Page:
Philanthropy and its impact on the city of Chicago

August 16, 2012

Maureen Mackie

Even with the economic downturn, philanthropic giving is still going strong: nearly 300 billion dollars’ worth of contributions were made in 2011. These efforts are having a huge impact on the city of Chicago, and today on The Afternoon Shift we’ll explore the subject of philanthropy – both its history and the efforts of some the city’s biggest donors.

First up, we’ll be joined by Lisa Dietlin, head of her own philanthropic consulting firm and author of Transformational Philanthropy: Entrepreneurs and Nonprofits. She’ll talk about the dramatic shift in giving, from wealthy donors investing money in pet projects to the concept of “social entrepreneurship” – turning a profit while helping the community.

Also joining us is Mike Koldyke, a retired venture capitalist turned local philanthropist. You may not recognize his name – it’s certainly not as famous as Pritzker or Harris – but you’ve probably heard of his work. He’s the founder of the Golden Apple Awards (like the Oscars, but for Illinois teachers) and the controversial Academy of Urban School Leadership - which partners with Chicago Public Schools to turn around the most hard-hit schools in the district by using charter school ideals. He’ll discuss his philanthropic efforts: both how he approaches giving and what he hopes to accomplish with his involvement in various projects around the city.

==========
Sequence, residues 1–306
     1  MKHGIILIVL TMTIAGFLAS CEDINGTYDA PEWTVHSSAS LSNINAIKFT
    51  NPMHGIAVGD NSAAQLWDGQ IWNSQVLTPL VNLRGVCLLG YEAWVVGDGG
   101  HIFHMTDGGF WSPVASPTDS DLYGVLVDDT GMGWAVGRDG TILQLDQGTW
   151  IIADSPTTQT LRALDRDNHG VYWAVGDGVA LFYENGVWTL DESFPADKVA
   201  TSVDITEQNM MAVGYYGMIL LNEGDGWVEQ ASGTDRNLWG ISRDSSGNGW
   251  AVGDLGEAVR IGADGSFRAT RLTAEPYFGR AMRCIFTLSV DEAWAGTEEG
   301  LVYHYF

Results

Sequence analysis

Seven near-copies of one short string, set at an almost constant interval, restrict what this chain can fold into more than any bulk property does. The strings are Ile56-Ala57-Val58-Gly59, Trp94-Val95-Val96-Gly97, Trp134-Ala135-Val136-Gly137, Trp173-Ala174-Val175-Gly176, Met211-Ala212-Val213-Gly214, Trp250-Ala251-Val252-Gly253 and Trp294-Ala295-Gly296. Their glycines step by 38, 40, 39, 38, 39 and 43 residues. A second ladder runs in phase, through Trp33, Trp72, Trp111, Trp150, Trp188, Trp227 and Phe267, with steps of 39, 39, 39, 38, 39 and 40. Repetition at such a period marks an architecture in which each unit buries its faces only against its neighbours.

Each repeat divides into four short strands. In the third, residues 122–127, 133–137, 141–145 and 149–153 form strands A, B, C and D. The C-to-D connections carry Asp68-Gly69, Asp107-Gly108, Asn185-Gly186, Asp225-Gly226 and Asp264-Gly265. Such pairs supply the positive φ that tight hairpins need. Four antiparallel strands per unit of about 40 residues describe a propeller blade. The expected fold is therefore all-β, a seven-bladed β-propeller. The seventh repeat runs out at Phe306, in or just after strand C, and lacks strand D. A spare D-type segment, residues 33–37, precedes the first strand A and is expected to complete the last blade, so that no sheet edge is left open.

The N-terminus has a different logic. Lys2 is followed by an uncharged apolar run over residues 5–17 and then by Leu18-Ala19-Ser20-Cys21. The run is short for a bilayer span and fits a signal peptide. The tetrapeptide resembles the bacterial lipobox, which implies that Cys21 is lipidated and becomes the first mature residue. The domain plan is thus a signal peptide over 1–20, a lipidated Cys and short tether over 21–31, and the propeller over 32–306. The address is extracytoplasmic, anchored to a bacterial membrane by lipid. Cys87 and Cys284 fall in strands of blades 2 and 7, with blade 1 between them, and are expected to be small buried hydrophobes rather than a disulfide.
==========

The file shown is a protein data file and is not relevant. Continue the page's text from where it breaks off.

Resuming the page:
We also want to hear from you: do you think private funding should go towards public services? What areas should philanthropists spend their money on? Have you benefitted from any of these foundations’ efforts? Give us a call at 312-923-9239 or on Twitter at #AfternoonShift.